“What you’re doing isn’t working!”
The stern words of my coach are still fresh in my memory. It was 2017 and I had just finished dead last in the shot put at the SEC conference championships. This defeat was devastating to me. I felt a sense of guilt, regret, and anxiety deep in the pit of my stomach. I’d let my teammates and coaches down.
This was not how it was supposed to go. I was a top-rated athlete through my high school years and I had expected to dominate the university scene. The NCAA had quickly proved a more difficult challenge than I’d ever imagined.
Humble Beginnings on the Track
My name is Joseph Maxwell and I come from a rural place in Northern Ontario, Canada called Manitoulin Island. The biggest freshwater island in the world, Manitoulin provided me with many memorable and unique childhood memories.
Although I played almost every sport as a kid, track and field was easily my favorite. Inspired by an elementary school coach, I became determined to earn myself a scholarship at a top NCAA university.
By high school, I realized that I would have to specialize in a particular event and showing the most natural ability for it. I began to focus my training efforts on the shot put throw.
Without a proper shot put circle or a weight room within 90 miles of my parent’s home, I invested all my savings in weight-lifting equipment which I set up in the basement. My dad also helped me build a regulation size, concrete shot put circle on our 92-acre property.
With unwavering enthusiasm and above-average parental support, I trained hard, traveled around Canada for competition, and began to succeed. I won several Canadian championships and garnered the attention of NCAA coaches. After several official visits around the US and a lengthy decision process, I signed with the University of Tennessee on scholarship during my final year of high school.
Due in part to where I grew up, I never faced much competition during my high school years. Even at the Canadian national level, I was easily winning by 3 or 4 meters, sometimes more. This gave me a false sense of security, a feeling that I would walk onto campus and easily dominate the competition just as I had done back home.
Circling back to 2017, my first collegiate season hit me like a punch in the face. At every meet we traveled to these huge, strong 300+ pound monsters were kicking my butt. My sense of security was instantly destroyed, and I realized in a very short time just how competitive the NCAA is.
The Turning Point
Being an athlete has taught me a lot about myself. Perhaps my greatest strength is the ability to bounce back, turning very negative, dark experiences into huge positives in the future. After the big defeat in 2017, I was determined to never let such a thing happen again.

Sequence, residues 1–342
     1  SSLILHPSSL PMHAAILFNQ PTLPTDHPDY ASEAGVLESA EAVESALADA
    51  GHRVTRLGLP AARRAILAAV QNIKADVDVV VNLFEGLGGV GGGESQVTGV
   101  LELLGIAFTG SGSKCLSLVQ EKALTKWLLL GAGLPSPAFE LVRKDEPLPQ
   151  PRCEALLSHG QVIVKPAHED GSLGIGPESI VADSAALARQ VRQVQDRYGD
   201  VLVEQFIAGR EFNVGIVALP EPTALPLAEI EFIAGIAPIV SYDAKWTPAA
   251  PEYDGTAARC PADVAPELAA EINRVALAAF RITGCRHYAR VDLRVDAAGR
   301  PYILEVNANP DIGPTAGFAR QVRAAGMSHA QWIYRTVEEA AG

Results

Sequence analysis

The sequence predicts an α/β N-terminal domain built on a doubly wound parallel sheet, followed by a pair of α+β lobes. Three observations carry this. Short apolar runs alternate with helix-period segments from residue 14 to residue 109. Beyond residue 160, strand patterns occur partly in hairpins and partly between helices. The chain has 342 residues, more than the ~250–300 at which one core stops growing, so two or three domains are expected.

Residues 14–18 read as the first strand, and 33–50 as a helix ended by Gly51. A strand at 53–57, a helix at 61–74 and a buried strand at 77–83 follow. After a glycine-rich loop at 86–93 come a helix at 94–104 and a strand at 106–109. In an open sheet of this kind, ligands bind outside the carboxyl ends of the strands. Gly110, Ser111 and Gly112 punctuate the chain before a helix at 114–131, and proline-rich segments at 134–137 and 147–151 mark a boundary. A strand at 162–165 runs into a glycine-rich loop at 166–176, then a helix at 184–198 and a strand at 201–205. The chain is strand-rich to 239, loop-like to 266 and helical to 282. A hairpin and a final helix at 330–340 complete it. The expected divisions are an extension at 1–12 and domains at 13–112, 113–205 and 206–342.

Right away, I knew I did not have the physical strength to compete in the NCAA. Within the first three months of my second year, I remedied this and gained 30 pounds of muscle.
Next, I needed to revamp my mental game. It had become obvious to me in 2017 that I was grossly unprepared mentally to compete at a high level. I met with a sports psychologist and told him what I wanted to do. I talked to my coach at length about the issue and between the three of us, we formed a game plan. I began “practicing to compete.” We created training sessions to mimic the competition as closely as possible.
My Success as a Rising Champion Moving Towards the NCAA
Within a year I began to reap the rewards of this new training approach. Through the 2018 season, I improved my PB by almost 2 meters and finished 8th at the SEC championships. The following year I took an even bigger step forward with a surprise 2nd place finish at the same event. That year I also qualified for the NCAA championships and beat my ranking by over 10 spots, finishing 9th.
Determined to add an SEC gold to the silver I’d already received in 2019, I won the championship this past February; The very event I had finished dead last in only three years ago. Although I did not get the chance to compete at the NCAA championships this year due to COVID-19, I expect I would have finished in the top 3.
The Importance of Failure
The biggest thing I hope you take away from my story is the importance of failure. One of the biggest defeats and worst feelings in my life led me to my greatest victory.
If there is an area in life where you are struggling, I urge you to examine the situation, make any necessary adjustments, and work every day to be better. Hold on to that feeling of inadequacy and let it fuel you. Sooner than you think, you can be at the top of your field.